Herb Prooy thinks pride came before a fall at KPN and Cyber Security head quarters.
Now is not a good time to be Eelco Blok, CEO of KPN. He worked hard for the company and after finally stepping into the footsteps of his former boss Aad Scheepbouwer all he’s doing is apologising. Millions of times.
Scheepbouwer, the man who saved KPN from going under with the help of the taxpayer and who quickly realised the way to a shareholders heart is through his dividends while not forgetting to top up his own bank account to the tune of €47m, that Scheepbouwer has left KPN a poorer place. Blok’s heritage is a shell, hollowed out technologically and vulnerable because of lack of maintenance.
In June 2011, Blok also became co chairman of the Cyber Security Council with fellow chairman Erik Akerboom, boss of the National Centre for the prevention of terrorism. Some months later the cabinet’s biggest computer noob, i.e minister Opstelten, was invited to declare the centre officially open.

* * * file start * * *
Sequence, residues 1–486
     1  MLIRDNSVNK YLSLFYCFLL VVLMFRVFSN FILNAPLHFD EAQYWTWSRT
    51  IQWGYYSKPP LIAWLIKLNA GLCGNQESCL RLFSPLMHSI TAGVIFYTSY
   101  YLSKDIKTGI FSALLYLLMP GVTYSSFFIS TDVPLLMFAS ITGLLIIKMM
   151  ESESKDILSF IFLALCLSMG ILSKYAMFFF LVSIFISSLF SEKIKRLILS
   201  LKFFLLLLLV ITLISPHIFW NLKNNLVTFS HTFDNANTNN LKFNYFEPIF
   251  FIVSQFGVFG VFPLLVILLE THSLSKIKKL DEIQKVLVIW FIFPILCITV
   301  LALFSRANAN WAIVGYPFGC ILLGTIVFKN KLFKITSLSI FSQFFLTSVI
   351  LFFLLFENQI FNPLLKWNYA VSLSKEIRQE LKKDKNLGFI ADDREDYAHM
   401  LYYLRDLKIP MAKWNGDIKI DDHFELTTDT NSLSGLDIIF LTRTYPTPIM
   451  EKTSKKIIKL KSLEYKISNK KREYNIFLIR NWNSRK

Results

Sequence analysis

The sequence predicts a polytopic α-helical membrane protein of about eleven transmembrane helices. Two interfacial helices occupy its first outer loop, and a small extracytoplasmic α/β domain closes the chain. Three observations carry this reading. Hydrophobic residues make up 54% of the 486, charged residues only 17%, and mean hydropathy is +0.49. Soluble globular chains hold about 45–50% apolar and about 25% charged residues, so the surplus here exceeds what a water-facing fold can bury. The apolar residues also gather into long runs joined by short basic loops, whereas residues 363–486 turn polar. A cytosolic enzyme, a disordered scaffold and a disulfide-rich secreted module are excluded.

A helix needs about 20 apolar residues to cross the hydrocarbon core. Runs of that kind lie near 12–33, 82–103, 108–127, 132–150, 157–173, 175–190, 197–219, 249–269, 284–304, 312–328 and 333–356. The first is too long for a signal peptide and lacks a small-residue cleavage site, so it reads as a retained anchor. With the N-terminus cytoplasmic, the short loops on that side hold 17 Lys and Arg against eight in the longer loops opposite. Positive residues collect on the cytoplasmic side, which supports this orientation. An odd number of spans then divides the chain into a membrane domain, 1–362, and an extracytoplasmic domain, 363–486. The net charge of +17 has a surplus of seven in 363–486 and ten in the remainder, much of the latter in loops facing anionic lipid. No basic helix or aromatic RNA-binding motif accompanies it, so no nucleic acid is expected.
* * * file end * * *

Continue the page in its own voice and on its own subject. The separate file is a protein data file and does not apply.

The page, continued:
The aim of both Council and Centre is to defend vital infrastructure from digital attack. It also provides, and volunteers, information to the government and private parties about relevant developments in digital security.
This much pretentiousness simply cried out for a reaction. Not long after the festive opening ceremony the Dutch division of Hackers Anonymous launched an attack on a prestigious link in the Cyber Security bulwark: KPN. It didn’t take them long. The attack came on January 12th but wasn’t discovered until the 20th. A week later the leak still hadn’t been repaired. Security service AIVD, the National coordinator for terrorism prevention and the police were all mobilised to stop this attack on Dutch sovereignty.
They naively thought that they could prevent the events from the press and the public, a move that earned them universal ridicule. Anonymous proceeded to hack into Babyboom and made off with email addresses and pass words. 500 KPN mail addresses were subsequently posted online as proof of a successful hacking exercise. KPN panicked and decided to go public on February 8. It effectively cut off 2 million users in order to implement a compulsory ‘pass word change’ procedure. As if that would help! It wasn’t how Blok intended it to be but this hacking shows clearly what Cyber Security is not all about.
Herb Prooy is an entrepreneur in the field of ‘software as a service’.